Collective Bargaining and Equality: Making Connections

Article excerpt

The ILO Declaration on Fundamental Principles and Rights at Work1 adopted in 1998 could not be clearer: "the effective recognition of the right to collective bargaining" and "the elimination of discrimination in respect of employment and occupation" (ILO, 1998, Para. 2 (a) and (d)) are both so central to the ILO's social justice mandate (ILO, 1919) and Decent Work Agenda (ILO, 1999; Egger, 2002) that they are two of the four fundamental principles which Members of the ILO have a "good faith obligation ... to respect, to promote and to realize" (ILO, 1998, Para. 2). Both are among the immutable principles embodied in the ILO Constitution and represent robust standards of egalitarian and democratic inspiration that stress the centrality of enfranchisement within the world of work, reflected in the ILO's Right to Organise and Collective Bargaining Convention, 1949 (No. 98), and the Discrimination (Employment and Occupation) Convention, 1958 (No. 111). For generations, both these principles have been dynamically interpreted and applied by the ILO's supervisory machinery (Maupain, 1999; Swepston, 1998). And now, with the adoption of the ILO Declaration, both are urgently reaffirmed by the ILO and its Members "in a situation of growing economic interdependence" (ILO, 1998, Preamble, para. 7) as essential components to promote a vision of "sustainable development" that sees the economic and the social as mutually reinforcing (ibid., para. 3; Sen, 1999a; Languie, 1999; ILO, 2004).2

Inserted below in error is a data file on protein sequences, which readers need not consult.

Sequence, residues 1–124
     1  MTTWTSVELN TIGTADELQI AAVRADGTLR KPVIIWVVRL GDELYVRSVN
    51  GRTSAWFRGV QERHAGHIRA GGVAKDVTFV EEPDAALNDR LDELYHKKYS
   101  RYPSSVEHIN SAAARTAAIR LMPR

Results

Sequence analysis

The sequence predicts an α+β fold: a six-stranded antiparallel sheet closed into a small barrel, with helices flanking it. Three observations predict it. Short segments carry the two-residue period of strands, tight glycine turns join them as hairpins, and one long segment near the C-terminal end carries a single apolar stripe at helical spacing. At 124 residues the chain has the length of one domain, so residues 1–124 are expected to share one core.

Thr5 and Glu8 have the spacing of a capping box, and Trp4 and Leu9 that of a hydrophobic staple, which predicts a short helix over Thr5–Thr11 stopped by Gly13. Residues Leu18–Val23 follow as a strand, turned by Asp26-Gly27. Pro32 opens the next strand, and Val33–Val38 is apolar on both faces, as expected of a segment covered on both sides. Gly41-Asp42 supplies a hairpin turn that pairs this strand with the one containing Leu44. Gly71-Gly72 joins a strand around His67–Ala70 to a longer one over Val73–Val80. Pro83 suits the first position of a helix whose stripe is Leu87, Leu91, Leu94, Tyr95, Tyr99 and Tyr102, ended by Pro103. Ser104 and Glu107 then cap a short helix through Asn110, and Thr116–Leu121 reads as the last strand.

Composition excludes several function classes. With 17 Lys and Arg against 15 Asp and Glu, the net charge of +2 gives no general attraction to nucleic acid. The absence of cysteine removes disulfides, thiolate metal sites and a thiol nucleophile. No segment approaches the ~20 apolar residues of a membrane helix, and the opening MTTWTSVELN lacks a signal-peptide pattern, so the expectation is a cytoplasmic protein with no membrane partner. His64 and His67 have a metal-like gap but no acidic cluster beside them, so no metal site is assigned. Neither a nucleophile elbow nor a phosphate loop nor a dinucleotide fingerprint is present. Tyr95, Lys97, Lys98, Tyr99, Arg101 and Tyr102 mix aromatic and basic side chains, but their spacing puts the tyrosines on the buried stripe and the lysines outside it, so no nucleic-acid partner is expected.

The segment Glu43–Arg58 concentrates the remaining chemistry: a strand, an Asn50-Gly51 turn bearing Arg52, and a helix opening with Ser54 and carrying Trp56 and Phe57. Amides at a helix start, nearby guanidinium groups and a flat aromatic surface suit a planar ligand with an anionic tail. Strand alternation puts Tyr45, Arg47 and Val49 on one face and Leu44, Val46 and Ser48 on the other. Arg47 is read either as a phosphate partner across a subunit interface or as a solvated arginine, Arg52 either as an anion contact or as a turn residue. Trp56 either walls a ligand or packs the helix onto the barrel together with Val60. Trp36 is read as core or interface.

Despite the ILO's longstanding commitment to collective bargaining and the elimination of discrimination, initiatives to explore the interface between the two principles have only recently emerged, and have focused overwhelmingly on gender equality (ILO, 2003, p. 101). The ILO Declaration resists the impulse to establish a hierarchy between collective bargaining and equality, merely setting these principles apart from the broader range of labour standards. In an increasingly integrated transnational context that challenges traditional labour regulation structures, the time is now ripe to investigate the complex and changing relationship between these two fundamental principles and rights at work.

The starting-point for this article is that, despite an overwhelming rate of ratification of Convention No. 98, effective recognition of the right to collective bargaining remains elusive for the vast majority of workers. Globally, only a minority of workers benefit from the free and fair representation of their collective rights, needs and interests. Unequal access to collective bargaining shows how far dominant paradigms of collective bargaining have failed to reflect the plural structures of work, notably in the informal economy and in the developing world. Moreover, emerging post-Fordist paradigms pose difficult challenges to the founding concepts on which twentieth-century industrial relations were constructed.

This starting-point is important beyond its basic reminder that although the ILO's decent work vision applies to all workers, effective recognition of the right to collective bargaining is a "good" that remains merely an aspiration for many. In a limited number of countries, collective bargaining has been the principal means by which terms of employment are set; in other countries at the other end of the spectrum, collective bargaining is accessible only to a small number of workers. In most countries, moreover, those excluded from the effective exercise of collective bargaining rights include a disproportionate number of workers hailing from groups traditionally discriminated against on grounds including race, sex, religion, and national extraction, as listed in Convention No. 111.

Unequal access to collective representation is thus doubly problematic, because it challenges the internal "effectiveness" of collective bargaining and because it reinforces and potentially deepens inequality faced by groups traditionally discriminated against. …